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Further interest in this subject is aroused by a recent contribution from Mr. Treves in which he facetiously questions the existence of this lesion, but immediately suggests a treatment by means of a complicated double-spring truss which, he says, must be delicately adjusted.
It is well understood that the kidney, normally, has a certain range of motion; it is generally admitted that the degree of mobility varies considerably and that it may attain a position easily palpable yet may not cause pathologic changes; it is an accepted fact that its ptosis is sometimes but a part of Glenard's disease; but faithful observers of the anatomy and the pathology that is seen within the abdomen in repeated explorations recognize the additional and—clinically speaking—the rather more important fact that the kidney may attain such a degree of mobility as primarily and seriously to act as an impediment to health and that in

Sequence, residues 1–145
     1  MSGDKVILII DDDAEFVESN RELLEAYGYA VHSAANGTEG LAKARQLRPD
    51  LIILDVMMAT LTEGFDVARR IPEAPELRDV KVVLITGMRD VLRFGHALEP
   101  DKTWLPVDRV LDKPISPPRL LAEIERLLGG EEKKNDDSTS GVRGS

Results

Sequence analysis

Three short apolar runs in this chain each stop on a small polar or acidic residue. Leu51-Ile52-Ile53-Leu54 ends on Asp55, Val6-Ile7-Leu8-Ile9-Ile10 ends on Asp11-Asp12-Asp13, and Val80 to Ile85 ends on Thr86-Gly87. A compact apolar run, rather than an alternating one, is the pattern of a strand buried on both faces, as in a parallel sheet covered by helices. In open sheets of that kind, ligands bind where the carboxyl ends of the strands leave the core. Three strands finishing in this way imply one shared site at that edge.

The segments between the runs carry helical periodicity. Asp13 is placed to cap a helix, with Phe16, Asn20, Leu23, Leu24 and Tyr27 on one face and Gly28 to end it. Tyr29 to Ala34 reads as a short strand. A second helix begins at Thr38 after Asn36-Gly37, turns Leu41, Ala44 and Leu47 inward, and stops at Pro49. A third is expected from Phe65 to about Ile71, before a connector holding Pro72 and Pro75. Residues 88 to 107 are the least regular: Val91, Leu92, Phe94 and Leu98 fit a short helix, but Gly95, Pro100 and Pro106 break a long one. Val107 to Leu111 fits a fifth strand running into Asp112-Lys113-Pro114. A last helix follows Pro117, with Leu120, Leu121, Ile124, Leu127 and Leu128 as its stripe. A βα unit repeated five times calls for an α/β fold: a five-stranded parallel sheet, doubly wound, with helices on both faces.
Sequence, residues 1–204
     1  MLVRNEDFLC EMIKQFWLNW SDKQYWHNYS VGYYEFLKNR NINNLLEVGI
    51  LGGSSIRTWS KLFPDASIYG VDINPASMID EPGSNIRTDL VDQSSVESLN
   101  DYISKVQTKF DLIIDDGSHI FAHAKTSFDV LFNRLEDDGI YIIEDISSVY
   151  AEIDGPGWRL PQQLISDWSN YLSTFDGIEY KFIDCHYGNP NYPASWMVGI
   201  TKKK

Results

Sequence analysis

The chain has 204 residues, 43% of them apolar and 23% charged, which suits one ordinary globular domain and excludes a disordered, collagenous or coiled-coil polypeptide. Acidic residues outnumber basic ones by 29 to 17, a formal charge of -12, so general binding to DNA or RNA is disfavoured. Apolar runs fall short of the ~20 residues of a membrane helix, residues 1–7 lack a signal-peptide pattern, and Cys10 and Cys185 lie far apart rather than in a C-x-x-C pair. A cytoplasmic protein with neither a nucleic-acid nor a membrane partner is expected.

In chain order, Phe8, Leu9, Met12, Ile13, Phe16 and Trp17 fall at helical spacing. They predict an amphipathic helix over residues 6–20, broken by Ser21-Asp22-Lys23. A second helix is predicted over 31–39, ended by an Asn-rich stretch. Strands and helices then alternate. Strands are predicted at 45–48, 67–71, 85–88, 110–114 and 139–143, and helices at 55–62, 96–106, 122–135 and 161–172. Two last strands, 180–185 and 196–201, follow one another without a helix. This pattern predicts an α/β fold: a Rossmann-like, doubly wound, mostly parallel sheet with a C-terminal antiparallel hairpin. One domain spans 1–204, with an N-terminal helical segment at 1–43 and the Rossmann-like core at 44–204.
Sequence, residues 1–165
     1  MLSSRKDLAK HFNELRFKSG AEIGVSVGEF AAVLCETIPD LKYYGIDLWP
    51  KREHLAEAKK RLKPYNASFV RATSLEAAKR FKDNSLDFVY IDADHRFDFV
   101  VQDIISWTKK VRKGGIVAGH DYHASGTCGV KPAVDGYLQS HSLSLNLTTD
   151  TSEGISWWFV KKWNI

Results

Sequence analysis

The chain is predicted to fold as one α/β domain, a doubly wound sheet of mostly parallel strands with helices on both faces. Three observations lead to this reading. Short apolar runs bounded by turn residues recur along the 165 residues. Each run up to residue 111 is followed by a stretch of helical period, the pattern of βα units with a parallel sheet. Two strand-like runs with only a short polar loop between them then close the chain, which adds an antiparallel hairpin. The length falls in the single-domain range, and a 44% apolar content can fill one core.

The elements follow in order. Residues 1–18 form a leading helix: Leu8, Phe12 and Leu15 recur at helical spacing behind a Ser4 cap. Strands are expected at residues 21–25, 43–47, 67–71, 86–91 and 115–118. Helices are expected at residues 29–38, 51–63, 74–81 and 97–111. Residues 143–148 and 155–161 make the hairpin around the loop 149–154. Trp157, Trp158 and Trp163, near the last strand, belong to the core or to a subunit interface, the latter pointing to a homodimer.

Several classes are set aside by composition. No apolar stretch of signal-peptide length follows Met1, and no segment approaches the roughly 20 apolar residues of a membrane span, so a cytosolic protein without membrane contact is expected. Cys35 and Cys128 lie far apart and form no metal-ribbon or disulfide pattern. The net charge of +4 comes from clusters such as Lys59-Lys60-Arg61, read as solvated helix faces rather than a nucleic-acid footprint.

ALLISON CC. MOVABLE KIDNEY.IS IT A SURGICAL LESION? IF SO, HOW IS IT BEST CORRECTED? JAMA. 1905;XLV(1):31–32. doi:10.1001/jama.1905.52510010031001h
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